On a recent grey and drizzly morning, cattle rancher Shelley Proffitt welcomed us to her family farm in rural Kings Mountain, N.C. We piled into her pick-up and rode along for the last of her day's chores, watching her toss fistfuls of hay across a field for her cattle. We had come to visit Proffitt, a 47-year-old registered independent as part of NPR's election series Where Voters Are. Her countryside community, like many rural communities across America, has voted differently from its neighboring big city of Charlotte in recent years, and we wanted to understand what has driven that chasm.
Proffitt was able to give us a clear-eyed view of the divide because she used to live on the other side of it. Prior to moving to Kings Mountain 12 years ago, she lived in several big cities -- Boulder, Colo., Seattle, Park City, Utah, and nearby Charlotte. She had worked as a school teacher, but these days, she raises cattle that is slaughtered and sold as beef to locals and at a farmer's market in Charlotte. She says the lower cost of living and slower pace drew her to the more rural area where she also had family.
She's a regular at Linwood, a charming cash-only mom-and-pop restaurant with hand-written menus. A bulky TV by the register, adorned with a hundred-dollar-bill sticker featuring Trump on its flickery screen, carries Fox News all day long as diners fuel up on hamburger steaks, flounder, slaw and fresh apple dumplings.
Proffitt says she was most interested in Mike Bloomberg at the time of this interview — but says she'll now support whoever the Democratic nominee is.
Having spent time in the city and the countryside, Proffitt is keenly aware of how the two communities perceive each other. "I think there's definitely a misconception that rural people are stupid or dumb, that we're uneducated. There's plenty of people who have college degrees here," says Proffitt, who blames the media and pop culture for that perception. "Southerners as a whole and rural people have been presented on television and media as being idiots and maybe ignorant and not as articulate."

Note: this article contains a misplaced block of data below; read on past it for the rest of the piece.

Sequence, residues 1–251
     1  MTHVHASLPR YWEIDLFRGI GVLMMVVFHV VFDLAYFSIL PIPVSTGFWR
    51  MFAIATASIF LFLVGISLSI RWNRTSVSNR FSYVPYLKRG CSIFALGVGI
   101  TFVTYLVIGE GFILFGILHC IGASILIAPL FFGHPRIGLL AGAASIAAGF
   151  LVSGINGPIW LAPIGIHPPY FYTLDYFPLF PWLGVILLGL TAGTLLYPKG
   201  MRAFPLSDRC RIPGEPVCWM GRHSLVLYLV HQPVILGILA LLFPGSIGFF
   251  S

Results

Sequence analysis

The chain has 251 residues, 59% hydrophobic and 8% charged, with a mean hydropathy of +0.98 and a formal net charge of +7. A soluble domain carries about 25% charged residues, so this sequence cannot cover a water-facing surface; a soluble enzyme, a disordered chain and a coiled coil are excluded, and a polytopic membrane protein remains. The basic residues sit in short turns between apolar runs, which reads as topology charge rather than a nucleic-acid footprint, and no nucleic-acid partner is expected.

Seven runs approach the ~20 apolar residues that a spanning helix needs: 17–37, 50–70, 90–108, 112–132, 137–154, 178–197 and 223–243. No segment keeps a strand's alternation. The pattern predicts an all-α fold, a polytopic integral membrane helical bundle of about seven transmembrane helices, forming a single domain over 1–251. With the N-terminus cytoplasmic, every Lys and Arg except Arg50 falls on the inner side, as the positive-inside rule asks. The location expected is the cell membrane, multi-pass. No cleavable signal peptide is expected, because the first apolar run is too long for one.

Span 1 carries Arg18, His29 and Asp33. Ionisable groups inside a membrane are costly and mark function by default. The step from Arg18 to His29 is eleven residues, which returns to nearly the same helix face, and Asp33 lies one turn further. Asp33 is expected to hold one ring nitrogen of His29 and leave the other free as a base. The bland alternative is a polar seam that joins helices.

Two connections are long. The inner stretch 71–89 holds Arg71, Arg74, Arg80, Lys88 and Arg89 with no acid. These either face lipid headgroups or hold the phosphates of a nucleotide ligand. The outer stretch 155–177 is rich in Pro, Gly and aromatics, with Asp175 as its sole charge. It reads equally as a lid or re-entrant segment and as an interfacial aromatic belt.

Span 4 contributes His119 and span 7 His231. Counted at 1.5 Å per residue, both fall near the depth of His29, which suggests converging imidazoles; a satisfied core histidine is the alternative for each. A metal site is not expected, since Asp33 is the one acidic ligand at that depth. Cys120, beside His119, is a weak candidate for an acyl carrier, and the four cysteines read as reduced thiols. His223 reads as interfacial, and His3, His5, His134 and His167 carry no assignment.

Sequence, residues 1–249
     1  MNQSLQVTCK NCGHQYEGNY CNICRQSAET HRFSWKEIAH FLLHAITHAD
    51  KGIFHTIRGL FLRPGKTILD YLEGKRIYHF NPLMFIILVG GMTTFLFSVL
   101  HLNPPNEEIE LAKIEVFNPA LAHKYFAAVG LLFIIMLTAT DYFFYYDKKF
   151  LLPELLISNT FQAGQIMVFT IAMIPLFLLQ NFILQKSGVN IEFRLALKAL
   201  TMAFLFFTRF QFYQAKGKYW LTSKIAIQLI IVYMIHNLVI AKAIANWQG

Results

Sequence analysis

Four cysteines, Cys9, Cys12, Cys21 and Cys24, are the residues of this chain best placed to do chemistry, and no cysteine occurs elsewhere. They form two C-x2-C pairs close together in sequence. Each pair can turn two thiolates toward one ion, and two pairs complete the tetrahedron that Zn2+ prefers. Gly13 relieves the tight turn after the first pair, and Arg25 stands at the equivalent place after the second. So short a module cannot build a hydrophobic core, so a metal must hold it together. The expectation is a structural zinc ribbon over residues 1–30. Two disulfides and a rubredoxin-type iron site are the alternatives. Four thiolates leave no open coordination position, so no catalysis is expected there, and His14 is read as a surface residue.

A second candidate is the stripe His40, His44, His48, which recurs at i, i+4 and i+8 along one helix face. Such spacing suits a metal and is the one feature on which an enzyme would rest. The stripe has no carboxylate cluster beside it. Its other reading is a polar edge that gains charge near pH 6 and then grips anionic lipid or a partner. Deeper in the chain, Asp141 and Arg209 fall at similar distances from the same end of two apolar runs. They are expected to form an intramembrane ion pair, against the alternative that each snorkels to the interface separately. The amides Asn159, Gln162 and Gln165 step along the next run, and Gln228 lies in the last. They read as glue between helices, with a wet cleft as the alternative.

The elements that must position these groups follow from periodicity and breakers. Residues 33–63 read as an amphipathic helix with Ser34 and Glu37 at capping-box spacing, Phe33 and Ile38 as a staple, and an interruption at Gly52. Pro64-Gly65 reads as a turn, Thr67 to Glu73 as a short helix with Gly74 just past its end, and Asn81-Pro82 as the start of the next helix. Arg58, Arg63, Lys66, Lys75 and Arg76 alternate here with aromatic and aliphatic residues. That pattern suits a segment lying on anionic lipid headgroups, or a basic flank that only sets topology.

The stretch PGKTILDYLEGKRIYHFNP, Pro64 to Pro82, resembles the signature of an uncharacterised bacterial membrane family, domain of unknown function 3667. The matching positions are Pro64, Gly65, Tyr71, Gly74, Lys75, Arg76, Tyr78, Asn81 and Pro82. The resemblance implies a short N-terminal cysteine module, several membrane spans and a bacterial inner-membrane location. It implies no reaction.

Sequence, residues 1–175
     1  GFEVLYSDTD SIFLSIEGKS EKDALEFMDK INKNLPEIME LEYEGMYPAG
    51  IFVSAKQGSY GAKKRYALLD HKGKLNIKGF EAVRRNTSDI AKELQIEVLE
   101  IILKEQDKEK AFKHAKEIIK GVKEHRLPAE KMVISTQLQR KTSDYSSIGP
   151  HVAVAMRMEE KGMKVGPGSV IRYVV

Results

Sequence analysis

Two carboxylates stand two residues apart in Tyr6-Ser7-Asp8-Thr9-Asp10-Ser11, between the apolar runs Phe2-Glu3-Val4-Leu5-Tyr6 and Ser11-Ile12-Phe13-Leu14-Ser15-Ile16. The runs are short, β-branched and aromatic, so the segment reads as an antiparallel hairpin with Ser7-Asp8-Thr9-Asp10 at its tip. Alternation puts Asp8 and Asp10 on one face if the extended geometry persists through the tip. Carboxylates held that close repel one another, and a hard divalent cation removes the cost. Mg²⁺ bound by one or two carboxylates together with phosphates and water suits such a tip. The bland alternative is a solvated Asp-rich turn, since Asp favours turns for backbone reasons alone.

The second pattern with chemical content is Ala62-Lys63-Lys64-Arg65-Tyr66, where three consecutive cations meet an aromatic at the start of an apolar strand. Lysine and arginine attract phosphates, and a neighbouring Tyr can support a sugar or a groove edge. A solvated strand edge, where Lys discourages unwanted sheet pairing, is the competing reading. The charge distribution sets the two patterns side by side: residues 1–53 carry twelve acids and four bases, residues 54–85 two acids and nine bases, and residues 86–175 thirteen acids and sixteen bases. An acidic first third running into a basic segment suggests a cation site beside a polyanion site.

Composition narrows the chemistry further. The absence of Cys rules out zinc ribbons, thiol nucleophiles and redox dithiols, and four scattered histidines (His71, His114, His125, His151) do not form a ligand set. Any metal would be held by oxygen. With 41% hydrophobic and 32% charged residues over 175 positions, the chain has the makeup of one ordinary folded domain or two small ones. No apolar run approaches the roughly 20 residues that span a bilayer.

That judgement cuts both ways. Proffitt says rural communities can see their urban neighbors as "being out of touch with reality, not really understanding what's going on outside of those city walls. I think they see it as more of a rat race and, keeping up with the Joneses sort of mentality, whereas in a rural area, they're focused more on the simple things in life."
The same day we visited Proffitt at the far edge of metro Charlotte, our colleague Sarah McCammon met a group of voters in Charlotte's liberal city center. Voters there told her they feel marginalized by the president's policies and can't understand how his supporters can defend his views and actions. "A lot of people just aren't educated," says Collette Alston, president of the African-American Caucus for the Democratic Party. "A lot of people are voting on emotion and fear."
People who live in different parts of the same Charlotte metro area consistently described feeling a world apart from their neighbors.
Proffitt says there's only one way to bridge the divide — to walk across it. To her rural neighbors — "spend a week in Charlotte and go out to dinner and see that you can walk down the street and not be shot. You can survive in that world," says Proffitt. "And it's the same thing with Charlotte folks. Come out. This is a good life, too, and it's a respectable life. Only way to fix it is to experience it."
However disconnected people may feel in and around Charlotte, Proffitt's life illustrates the way urban and rural areas are actually intertwined. Without her family farm, people in Charlotte would have less to eat, and without Charlotte's economic growth and tax revenue, the surrounding countryside would be a lot less prosperous.
Kings Mountain and Charlotte are part of one metro area, though like many cities and their surrounding countryside towns across the country, that may not prevent those areas from making very different choices at the polls again this November.